"And that potentially affects every religious organization in America, not just Christian organizations, but every religious organization. And I get calls from Jewish rabbis who are equally concerned — people from across the spectrum who think it's a battle worth fighting. And we agree," Hoffman says.
Act Three: A Nationwide Story
As states have legalized same-sex partnerships, the rights of gay couples have consistently trumped the rights of religious groups. Marc Stern, general counsel for the American Jewish Congress, says that does not mean that a pastor can be sued for preaching against same-sex marriage. But, he says, that may be just about the only religious activity that will be protected.
"What if a church offers marriage counseling? Will they be able to say 'No, we're not going to help gay couples get along because it violates our religious principles to do so? What about summer camps? Will they be able to insist that gay couples not serve as staff because they're a bad example?" Stern asks.
Stern says if the early cases are any guide, the outlook is grim for religious groups.
A few cases: Yeshiva University was ordered to allow same-sex couples in its married dormitory. A Christian school has been sued for expelling two allegedly lesbian students. Catholic Charities abandoned its adoption service in Massachusetts after it was told to place children with same-sex couples. The same happened with a private company operating in California.
A psychologist in Mississippi who refused to counsel a lesbian couple lost her case, and legal experts believe that a doctor who refused to provide IVF services to a lesbian woman is about to lose his pending case before the California Supreme Court.
And then there's the case of a wedding photographer in Albuquerque, N.M.
On January 28, 2008, the New Mexico Human Rights Commission heard the case of Vanessa Willock v. Elane Photography.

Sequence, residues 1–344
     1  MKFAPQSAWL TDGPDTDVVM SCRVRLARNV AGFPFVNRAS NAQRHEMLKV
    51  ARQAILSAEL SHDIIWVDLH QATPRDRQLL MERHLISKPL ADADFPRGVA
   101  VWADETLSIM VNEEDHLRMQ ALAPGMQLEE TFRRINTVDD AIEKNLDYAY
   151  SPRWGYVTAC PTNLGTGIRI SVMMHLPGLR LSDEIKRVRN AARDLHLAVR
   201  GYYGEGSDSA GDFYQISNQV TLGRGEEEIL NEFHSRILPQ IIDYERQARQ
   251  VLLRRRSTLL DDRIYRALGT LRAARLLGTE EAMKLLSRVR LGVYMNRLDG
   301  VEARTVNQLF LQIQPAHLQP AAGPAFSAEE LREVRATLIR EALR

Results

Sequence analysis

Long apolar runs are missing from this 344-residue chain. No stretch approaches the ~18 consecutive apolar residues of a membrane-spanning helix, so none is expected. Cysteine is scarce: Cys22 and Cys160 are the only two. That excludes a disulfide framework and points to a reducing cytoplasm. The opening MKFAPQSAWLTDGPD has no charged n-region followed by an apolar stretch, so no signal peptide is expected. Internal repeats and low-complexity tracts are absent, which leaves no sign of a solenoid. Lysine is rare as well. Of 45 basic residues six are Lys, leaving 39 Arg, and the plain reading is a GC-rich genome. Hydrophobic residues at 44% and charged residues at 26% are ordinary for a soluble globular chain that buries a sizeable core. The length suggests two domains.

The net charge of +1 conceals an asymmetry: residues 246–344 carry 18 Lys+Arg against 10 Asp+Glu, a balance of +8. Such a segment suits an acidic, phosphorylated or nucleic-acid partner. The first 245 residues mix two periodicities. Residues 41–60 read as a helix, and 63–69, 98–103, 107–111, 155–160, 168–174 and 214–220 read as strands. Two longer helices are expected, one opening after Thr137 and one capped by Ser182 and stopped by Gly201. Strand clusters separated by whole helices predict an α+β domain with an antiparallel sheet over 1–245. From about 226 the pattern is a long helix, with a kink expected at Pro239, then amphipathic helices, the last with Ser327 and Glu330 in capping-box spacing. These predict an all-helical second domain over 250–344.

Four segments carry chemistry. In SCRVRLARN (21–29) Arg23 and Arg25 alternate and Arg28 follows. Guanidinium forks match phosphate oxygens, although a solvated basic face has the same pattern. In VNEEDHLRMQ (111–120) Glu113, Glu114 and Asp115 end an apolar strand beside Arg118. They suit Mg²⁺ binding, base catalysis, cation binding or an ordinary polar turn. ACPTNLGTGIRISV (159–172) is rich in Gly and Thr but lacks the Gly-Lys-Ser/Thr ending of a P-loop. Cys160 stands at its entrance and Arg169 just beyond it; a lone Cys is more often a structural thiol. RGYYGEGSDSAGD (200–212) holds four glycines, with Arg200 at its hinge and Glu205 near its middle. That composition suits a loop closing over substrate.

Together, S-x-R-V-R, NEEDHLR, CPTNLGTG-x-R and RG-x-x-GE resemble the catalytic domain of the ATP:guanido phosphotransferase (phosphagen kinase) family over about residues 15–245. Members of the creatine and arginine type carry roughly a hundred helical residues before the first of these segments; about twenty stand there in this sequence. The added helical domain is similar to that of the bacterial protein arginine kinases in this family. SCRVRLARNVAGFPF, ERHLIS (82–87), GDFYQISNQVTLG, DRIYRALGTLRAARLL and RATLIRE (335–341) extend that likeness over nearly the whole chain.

Willock, in the midst of planning her wedding to her girlfriend, sent the photography company an e-mail request to shoot the commitment ceremony. Elaine Huguenin, who owns the company with her husband, replied: "We do not photograph same-sex weddings. But thanks for checking out our site! Have a great day!"
Willock filed a complaint, and at the hearing she explained how she felt.
"A variety of emotions," she said, holding back tears. "There was a shock and anger and fear. ... We were planning a very happy day for us, and we're being met with hatred. That's how it felt."
Willock declined to be interviewed, as did the owners of Elane Photography. At the hearing, Jonathan Huguenin said that when he and his wife formed the company two years ago, they made it company policy not to shoot same-sex ceremonies, because the ceremonies conflicted with their Christian beliefs.
"We wanted to make sure that everything we photographed — everything we used our artistic ability for, everything we told a story for or conveyed a message of — would be in line with our values and our beliefs," he said.
The defendants' attorney, Jordan Lorence at ADF, says that of course a Christian widget-maker cannot fire an employee because he's gay. But it's different when the company or a religious charity is being forced to endorse something they don't believe, he says.
"It's a very different situation when we're talking about promoting a message," Lorence says. "When it's 'We want to punish you for not helping us promote our message that same-sex marriage is OK,' that for me is a very different deal. It's compelled speech. You're using the arm of the government for punishing people for disagreeing with you."
In April, the state human rights commission found that Elane Photography was guilty of discrimination and must pay the Willock's more than $6,600 attorneys' fee bill. The photographers are appealing to state court.
In the meantime, they wonder whether all the hassle is worth it and whether they should get out of the photography business altogether.
Georgetown University professor Chai Feldblum says it is a compelling case of what happens in a moment of culture clash. Feldblum, who is an active proponent of gay rights, says the culture and state laws are shifting irrevocably to recognize same-sex unions. And while she knows it's hard for some to hear, she says companies and religious groups that serve the public need to recognize that their customers will be gay couples.
"They need to start thinking now, proactively, how they want to address that. Because I do think that if a gay couple ends up being told their wedding cannot be filmed, five couples will not sue, but the sixth couple will."
And as one legal expert puts it, the gay couples "would win in a walk."